And breathing low in the perfumed Leaves

Is the Name—'"

"Hold on," said the Artist. "That's a Cinch. Have a Stage-Hand come on with the Flowers. Lottie says, 'I know who sent these,' and so on and so on, and his Nobs gets off. Then her alone with the big arm-load of Hollyhawks, that I'm supposed to be sendin' her—savvy? She says, 'Well, there's no three ways about it, I've got this Gazabo dead to Rights.' She goes on to talk about Me, leading up to her song, 'John L. will be our Champion once again.' Bing! The Door-Bell rings. Then, me on quick, see? I've thought out a Make-Up that's sure to get a Holler the Minute I come on. I wear a pair of Pants made out of {88} Tin Foil, a Fur Coat with Lace around the Bottom and on my Head I wear a Coal-scuttle with some Sleigh-Bells fastened to it. As I come down Stage I make some crack about just escapin' from a Business College. When I see the Doll, I go over and slap her on the Back, pull out a Sprinklin' Can and water the Flowers. You'll have to fix me up a Line to introduce the Sprinkler. As soon as she sees me, she gets stuck, so she hands me one of the Flowers. I say, 'Ah, a night-blooming Pazizum'—then I take a Salt-Cellar out of my Vest and shake some Salt on the Flower and eat it. I done that with a Piece called 'A Boiled Dinner,' and it always went big. When she sees me eat the Flower, that makes her sore, understand? She comes at me with a right-hand Pass. I fall over a Chair and do a Head Spin. You fix up a strong Line for me just as I go over the Chair. Then—What's the matter, Cull? Here, Bud, open your Eyes!"

The Author had fallen in a Heap on the Antique Writing Desk. {89} "Hully Chee!" exclaimed the Artist. "He's Croaked."


MORAL: A Classic is never Safe Except in the Church Parlor.


{90}

The Two Old Pals and the Call for Help

Once there was a Married Man who had two Friends whom he had not given up, even to oblige the Missus. They were two Men whom he had known since Boyhood's Happy Days away back in Sleepy Hollow. Once in a while the Man would have the Two around to the House for Dinner.

Of these two Friends, one was a Gusher and the other a Grouch.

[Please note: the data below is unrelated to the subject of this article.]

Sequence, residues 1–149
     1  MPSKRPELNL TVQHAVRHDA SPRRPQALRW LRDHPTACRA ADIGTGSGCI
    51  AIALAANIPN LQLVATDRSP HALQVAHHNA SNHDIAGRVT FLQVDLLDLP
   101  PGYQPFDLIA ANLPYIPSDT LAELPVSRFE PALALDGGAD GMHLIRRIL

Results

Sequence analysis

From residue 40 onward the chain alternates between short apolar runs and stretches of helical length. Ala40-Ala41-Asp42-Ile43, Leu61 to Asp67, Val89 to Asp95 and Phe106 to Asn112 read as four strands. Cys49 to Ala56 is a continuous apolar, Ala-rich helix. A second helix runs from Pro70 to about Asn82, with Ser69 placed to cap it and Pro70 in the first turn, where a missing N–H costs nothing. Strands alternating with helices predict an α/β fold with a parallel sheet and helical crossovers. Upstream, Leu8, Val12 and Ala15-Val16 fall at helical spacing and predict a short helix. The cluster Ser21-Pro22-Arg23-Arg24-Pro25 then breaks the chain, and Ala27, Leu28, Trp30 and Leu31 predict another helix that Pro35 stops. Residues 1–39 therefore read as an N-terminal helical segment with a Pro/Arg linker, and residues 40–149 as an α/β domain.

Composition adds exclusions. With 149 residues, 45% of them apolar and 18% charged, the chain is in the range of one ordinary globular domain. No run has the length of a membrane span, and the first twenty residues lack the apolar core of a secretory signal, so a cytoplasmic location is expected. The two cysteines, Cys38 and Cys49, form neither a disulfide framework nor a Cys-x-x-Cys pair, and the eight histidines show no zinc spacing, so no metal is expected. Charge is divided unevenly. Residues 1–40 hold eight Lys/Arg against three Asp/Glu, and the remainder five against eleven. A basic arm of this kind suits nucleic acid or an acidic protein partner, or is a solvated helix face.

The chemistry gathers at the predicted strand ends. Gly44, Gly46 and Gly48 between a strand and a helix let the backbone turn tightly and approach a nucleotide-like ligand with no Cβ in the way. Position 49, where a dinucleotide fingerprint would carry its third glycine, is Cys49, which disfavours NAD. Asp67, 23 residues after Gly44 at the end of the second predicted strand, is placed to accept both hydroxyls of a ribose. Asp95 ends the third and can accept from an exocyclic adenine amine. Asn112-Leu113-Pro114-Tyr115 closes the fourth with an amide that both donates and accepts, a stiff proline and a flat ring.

The Gusher was eternally bubbling over with Compliments and Kind Wishes. Whenever he met an Acquaintance he handed him a rhetorical Yard of Daisies and then smeared him with Sweet Endearments. His talk never had any specific Purport. It was unadulterated Con. The Gusher should have been in the Diplomatic Service. One of his hot Specialties was to get up at Dinner Parties and propose Toasts. He would hot-air the Ladies until they flushed Crimson from the Joy of being hot-aired. Even if the Speech was known to be cut-and-dried Blarney, it never failed to swell the Adorable Creatures, as he called them.

{91}
The Gusher.The Gusher.
{92}

He had a pump-handle Shake for every Man he met, and after the second Day he called him Old Fellow and inquired as to his Health in a Tone of trembling Solicitude and picked little pieces of Lint off his Coat.

"I know it's Guff," the Man would say after the Gusher had passed on, "but my Stars! He can ladle out that Soothing Syrup and never spill a Drop."

The Grouch, on the other Hand, gave a correct Imitation of a Bear with a Sore Toe. His Conversation was largely made up of Grunts. He carried a Facial Expression that frightened little Children in Street Cars and took all the Starch out of sentimental Young Ladies. He seemed perpetually to carry the Hoof-Marks of a horrible Nightmare. Some said that he had been Blighted in Love and had soured on the Universe. Others imagined that his Liver was out of Whack. At any rate, he was shy on Sweetness and Light. His Dial suggested a Map of the Bad Lands and he was just out of {93} Kind Words. He could Knock better than he could Boost.

When the Gusher would arise at the Dinner Table to blow Bubbles and distribute Candy, the Grouch would slide down in his Chair until he was resting on his Shoulder Blades. He seemed to have a Calomel Taste in his Mouth as he listened to the musical drip of the Mush-and-Milk. That kind of Language went with some People, but nix for Sweeney!

The Wife of the Married Man liked the Gusher and tolerated the Grouch.

Every time the Gusher came into the Flat, he held her Hand a little longer than necessary and looked into her Hazel Eyes and told her she was becoming Younger and more Charming every Day. After a Woman turns the 30 Corner, those Speeches are worth a Dollar a Word, because she finds herself Guessing at times. Husband never was jealous. He knew that the Gusher told every Woman the same thing, playing no Favorites.

When the Grouch came to see them, he said "How are you?" and then began to kick on {94} the Weather and tell about his Rheumatism. One thing was certain. The Grouch never would break up any Happy Homes. And it was predicted that he would never get a Wife unless he took her on a Mortgage.